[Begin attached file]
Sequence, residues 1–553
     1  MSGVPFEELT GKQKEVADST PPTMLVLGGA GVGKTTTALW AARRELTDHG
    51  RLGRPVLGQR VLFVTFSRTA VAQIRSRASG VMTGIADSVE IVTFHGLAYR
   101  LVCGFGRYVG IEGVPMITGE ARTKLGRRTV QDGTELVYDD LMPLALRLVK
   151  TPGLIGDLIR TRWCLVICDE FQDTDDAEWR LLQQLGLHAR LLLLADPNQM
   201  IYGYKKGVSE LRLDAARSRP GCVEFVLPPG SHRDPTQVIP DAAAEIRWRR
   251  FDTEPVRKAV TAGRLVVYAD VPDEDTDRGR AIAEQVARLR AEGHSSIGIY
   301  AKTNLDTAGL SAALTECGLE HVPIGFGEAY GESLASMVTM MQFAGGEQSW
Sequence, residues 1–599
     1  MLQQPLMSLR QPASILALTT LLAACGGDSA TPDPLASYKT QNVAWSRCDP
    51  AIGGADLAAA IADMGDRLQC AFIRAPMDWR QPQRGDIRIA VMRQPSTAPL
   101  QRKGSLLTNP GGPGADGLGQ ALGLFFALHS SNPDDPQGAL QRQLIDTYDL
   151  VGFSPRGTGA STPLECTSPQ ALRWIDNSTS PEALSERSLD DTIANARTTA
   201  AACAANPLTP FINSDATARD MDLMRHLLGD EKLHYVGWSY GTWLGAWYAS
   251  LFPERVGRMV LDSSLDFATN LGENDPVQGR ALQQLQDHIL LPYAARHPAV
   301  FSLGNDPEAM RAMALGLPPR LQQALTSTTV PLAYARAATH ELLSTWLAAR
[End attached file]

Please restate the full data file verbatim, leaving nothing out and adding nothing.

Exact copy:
Sequence, residues 1–553
     1  MSGVPFEELT GKQKEVADST PPTMLVLGGA GVGKTTTALW AARRELTDHG
    51  RLGRPVLGQR VLFVTFSRTA VAQIRSRASG VMTGIADSVE IVTFHGLAYR
   101  LVCGFGRYVG IEGVPMITGE ARTKLGRRTV QDGTELVYDD LMPLALRLVK
   151  TPGLIGDLIR TRWCLVICDE FQDTDDAEWR LLQQLGLHAR LLLLADPNQM
   201  IYGYKKGVSE LRLDAARSRP GCVEFVLPPG SHRDPTQVIP DAAAEIRWRR
   251  FDTEPVRKAV TAGRLVVYAD VPDEDTDRGR AIAEQVARLR AEGHSSIGIY
   301  AKTNLDTAGL SAALTECGLE HVPIGFGEAY GESLASMVTM MQFAGGEQSW
Sequence, residues 1–599
     1  MLQQPLMSLR QPASILALTT LLAACGGDSA TPDPLASYKT QNVAWSRCDP
    51  AIGGADLAAA IADMGDRLQC AFIRAPMDWR QPQRGDIRIA VMRQPSTAPL
   101  QRKGSLLTNP GGPGADGLGQ ALGLFFALHS SNPDDPQGAL QRQLIDTYDL
   151  VGFSPRGTGA STPLECTSPQ ALRWIDNSTS PEALSERSLD DTIANARTTA
   201  AACAANPLTP FINSDATARD MDLMRHLLGD EKLHYVGWSY GTWLGAWYAS
   251  LFPERVGRMV LDSSLDFATN LGENDPVQGR ALQQLQDHIL LPYAARHPAV
   301  FSLGNDPEAM RAMALGLPPR LQQALTSTTV PLAYARAATH ELLSTWLAAR